Evolution of the selﬁe Selfie: Informal photograph that one has taken of oneself, typically taken with a smartphone or webcam and uploaded to a social media website:
33%Anything sweet is good with me!
6%- Eating my weight in chocolate
39%- Hershey’s Kisses
marylhurst student body:
90% transfer students.
17600 Pacific Highway [Hwy. 43] | marylhurst.edu/clackamas
205 You. Unlimited.
email@example.com 503.699.6268 | 800.634.9982
With determination and disregard for obstacles, each of them is finishing a four-year degree while transforming their lives in the process. If this sounds appealing, we have one thing to say: Welcome.
2013 Original #selfie grew 200% in usage SOURCE: http://mellwood. co.nz
What is your favorite type of Valentine’s Day candy?
2013 “Selfie” is officially added to Oxford Dictionary.
2004 The term #selfie first appeared on Flickr, but took almost a decade to reach the masses
12%- A salad, because candy’s bad for you.
Between West Linn and Lake Oswego Clackamas
12/23/13 9:15 AM
P r i n t : Sports
Wednesday, Febuary 12, 2014
Cougars claw Panthers in doubleheader Chris Browarski The Clackamas Print
t was a freezing 25 degrees outside Wednesday night but the Clackamas Cougars heated up Randall Hall as both the men’s and women’s basketball teams beat the Portland Panthers. The women won 74-60 while the men dominated 108-90. Three pointers were key as both teams garnered momentum from behind the arc to extend their leads. The women kicked off the night hungry for a win after a tough loss at Lane earlier in the week. The Panthers came to town with a fast and physical play style that frustrated the Cougars offense, forcing early turnovers and pushed for fast break points. PCC held a three point lead at the end of the first half with guard Diamond Bolden ahead in scoring for the Panthers. Bolden collected 25 points by the end of the night, the most from both teams. Clackamas continued to struggle with the high-paced Panthers early
in the second half and fell behind 10 points. The Cougar women eventually managed to control the pace and come back with a series of team play and three-point shots. The women made passes to open players inside and racked up 17 assists, seven more than Portland. Points from behind the three-point arc soared in CCC’s favor, and were a huge part in the Cougars come-back win. Clackamas sunk nine more shots from outside than PCC. “They definitely got hot out there” said Coach Jim Martineau about the Cougars’ three point shooting in the second half, “that was definitely the difference.” Laci Effenberger was on fire like NBA Jam late in the second half, sinking three consecutive outside shots. She led CCC in scoring with 21 points and facilitated three baskets on assists. Effenberger was also key on defense by forcing turnovers with three steals. Tori Wilkinson made her presence felt all over the court, picking up 10 points, five rebounds and four assists. She also showed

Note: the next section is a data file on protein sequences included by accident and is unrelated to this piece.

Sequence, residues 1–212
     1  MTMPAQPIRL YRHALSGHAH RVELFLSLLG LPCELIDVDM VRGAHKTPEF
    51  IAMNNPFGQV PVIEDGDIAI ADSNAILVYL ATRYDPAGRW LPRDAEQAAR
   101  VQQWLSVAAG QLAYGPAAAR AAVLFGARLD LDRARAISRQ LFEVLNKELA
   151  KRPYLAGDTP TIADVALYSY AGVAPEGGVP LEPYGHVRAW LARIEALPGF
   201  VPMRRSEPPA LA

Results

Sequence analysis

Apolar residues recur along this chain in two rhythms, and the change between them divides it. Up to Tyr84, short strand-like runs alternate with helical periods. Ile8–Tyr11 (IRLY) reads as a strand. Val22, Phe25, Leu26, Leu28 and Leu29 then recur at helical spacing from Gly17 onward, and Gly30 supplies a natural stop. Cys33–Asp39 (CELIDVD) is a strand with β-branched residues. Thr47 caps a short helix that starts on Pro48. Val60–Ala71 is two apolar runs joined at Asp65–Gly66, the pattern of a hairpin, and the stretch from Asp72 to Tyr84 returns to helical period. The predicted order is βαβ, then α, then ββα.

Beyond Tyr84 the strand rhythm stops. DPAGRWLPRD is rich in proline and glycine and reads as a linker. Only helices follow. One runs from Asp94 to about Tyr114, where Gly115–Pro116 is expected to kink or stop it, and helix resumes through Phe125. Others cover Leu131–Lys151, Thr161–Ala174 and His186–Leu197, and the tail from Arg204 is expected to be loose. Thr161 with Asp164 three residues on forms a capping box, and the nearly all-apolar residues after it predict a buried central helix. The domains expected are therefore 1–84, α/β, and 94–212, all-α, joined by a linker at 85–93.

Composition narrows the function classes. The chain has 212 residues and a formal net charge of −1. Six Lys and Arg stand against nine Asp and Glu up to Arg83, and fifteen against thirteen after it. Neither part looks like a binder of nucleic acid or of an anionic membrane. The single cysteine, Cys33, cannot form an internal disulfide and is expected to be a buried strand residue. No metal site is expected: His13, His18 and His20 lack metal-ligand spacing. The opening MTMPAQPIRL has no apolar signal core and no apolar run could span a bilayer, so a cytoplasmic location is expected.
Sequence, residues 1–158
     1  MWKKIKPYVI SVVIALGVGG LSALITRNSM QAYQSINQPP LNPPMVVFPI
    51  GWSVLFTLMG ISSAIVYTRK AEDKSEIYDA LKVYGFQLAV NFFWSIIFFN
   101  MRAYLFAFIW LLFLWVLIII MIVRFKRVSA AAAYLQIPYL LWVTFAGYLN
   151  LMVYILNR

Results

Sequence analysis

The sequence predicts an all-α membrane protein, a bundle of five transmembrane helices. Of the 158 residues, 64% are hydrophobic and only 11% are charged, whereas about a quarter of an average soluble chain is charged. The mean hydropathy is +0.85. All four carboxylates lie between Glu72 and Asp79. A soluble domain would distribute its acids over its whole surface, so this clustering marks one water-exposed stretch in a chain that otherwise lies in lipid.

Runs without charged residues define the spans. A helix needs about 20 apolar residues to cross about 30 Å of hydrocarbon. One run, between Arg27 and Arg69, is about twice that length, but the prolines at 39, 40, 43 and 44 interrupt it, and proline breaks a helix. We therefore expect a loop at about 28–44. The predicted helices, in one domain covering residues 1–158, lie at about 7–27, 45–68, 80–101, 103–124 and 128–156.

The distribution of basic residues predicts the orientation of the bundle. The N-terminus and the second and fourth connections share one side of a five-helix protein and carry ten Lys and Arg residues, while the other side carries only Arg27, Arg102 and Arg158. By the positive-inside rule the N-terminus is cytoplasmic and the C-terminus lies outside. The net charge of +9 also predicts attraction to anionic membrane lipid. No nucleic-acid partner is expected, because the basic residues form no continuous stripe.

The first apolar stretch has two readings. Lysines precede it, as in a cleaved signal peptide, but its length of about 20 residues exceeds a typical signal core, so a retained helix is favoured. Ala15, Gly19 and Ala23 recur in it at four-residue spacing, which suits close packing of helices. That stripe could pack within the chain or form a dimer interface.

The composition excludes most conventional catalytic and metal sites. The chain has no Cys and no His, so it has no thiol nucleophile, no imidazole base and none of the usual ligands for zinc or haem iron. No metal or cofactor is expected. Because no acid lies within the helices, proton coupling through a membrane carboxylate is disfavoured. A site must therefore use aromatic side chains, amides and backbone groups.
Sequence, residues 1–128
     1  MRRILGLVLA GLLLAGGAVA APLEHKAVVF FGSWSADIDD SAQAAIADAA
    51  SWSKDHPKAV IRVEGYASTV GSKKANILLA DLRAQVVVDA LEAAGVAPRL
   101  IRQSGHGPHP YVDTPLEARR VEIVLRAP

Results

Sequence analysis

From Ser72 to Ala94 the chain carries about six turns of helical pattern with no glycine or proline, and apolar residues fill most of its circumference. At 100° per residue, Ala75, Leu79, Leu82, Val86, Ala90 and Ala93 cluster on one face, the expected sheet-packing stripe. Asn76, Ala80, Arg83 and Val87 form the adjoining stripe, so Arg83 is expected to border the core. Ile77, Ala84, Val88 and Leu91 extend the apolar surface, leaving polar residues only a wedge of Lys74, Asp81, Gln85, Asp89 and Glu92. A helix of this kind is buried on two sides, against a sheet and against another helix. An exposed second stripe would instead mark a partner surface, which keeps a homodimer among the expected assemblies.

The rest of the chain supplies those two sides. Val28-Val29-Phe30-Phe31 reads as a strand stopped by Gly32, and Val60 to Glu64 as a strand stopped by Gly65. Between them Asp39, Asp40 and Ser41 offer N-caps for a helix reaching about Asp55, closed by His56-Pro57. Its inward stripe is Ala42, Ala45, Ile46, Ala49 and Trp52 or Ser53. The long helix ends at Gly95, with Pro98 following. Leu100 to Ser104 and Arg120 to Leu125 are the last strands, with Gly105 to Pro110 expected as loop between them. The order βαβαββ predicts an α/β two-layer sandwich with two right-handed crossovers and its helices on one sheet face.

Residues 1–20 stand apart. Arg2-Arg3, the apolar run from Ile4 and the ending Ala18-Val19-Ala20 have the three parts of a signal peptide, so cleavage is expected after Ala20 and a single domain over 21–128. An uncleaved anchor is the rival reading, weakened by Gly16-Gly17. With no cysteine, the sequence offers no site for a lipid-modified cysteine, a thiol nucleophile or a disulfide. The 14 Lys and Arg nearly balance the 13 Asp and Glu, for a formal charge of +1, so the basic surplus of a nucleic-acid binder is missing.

hustle, saving the ball from going out of bounds, and scored on a give and go, which was one of the prettiest plays of the night. After the game Wilkinson was just happy to pull through. “We came out on top and that’s all that matters,” said Wilkinson. After the women wrapped up their victory, it was the men’s turn to show Portland what Clackamas could do. The Cougars dominated the Panthers all game with Portland unable to come up with a solution for the CCC offense. Clackamas played a team game with lots of passing to find the open man to take the shot. Everyone seemed to have a hot hand with three players scoring more than 20 points. The team rebounded well on defense grabbing 29 boards, 12 more than PCC. Tim Lott was a big playmaker with 27 points, 12 of which were scored from outside the arc. He also picked up seven rebounds and two assists on the night. Not far behind in scoring was Brandon Halter who played the second half with a seemingly endless supply of energy.
Halter sunk five three-pointers on his 26-point night. The Cougars displayed impeccable shot selection, making 38 of 63 shots from the field. In contrast, PCC put up 23 more shots in the game but only shot 32 of 86. Streaks of scoring pushed a big lead for CCC who at one point extended a 13-2 run late in the second half. Coach Clif Wegner was very excited when he heard about the team’s high shooting percentage. “Holy cow, 60 percent!” said Wegner. “Good ball movement made for great team play.” Wegner was happy with his
team’s outstanding performance as of late, describing it as a great time to be on a five game win streak. The win puts them just one game out of first place. The men’s 6-3 division record ties them for first in the NWAACC South region while the 5-3 women move a half game behind Lane for third place. With four games left in the season, wins are even more important. Both men and women will visit Chemeketa Wednesday to face the Storm. Both Chemeketa teams trail Clackamas by one game in regional standings.